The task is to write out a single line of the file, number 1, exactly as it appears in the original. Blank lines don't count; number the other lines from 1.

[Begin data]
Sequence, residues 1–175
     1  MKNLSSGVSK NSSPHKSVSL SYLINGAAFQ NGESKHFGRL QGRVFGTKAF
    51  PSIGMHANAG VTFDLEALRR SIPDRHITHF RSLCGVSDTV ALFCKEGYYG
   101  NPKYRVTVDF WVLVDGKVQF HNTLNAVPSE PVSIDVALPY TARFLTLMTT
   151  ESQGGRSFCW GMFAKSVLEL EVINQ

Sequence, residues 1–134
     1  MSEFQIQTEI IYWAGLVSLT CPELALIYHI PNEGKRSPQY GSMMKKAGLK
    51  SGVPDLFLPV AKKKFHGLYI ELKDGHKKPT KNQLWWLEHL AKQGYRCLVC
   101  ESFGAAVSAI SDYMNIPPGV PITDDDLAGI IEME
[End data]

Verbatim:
Sequence, residues 1–175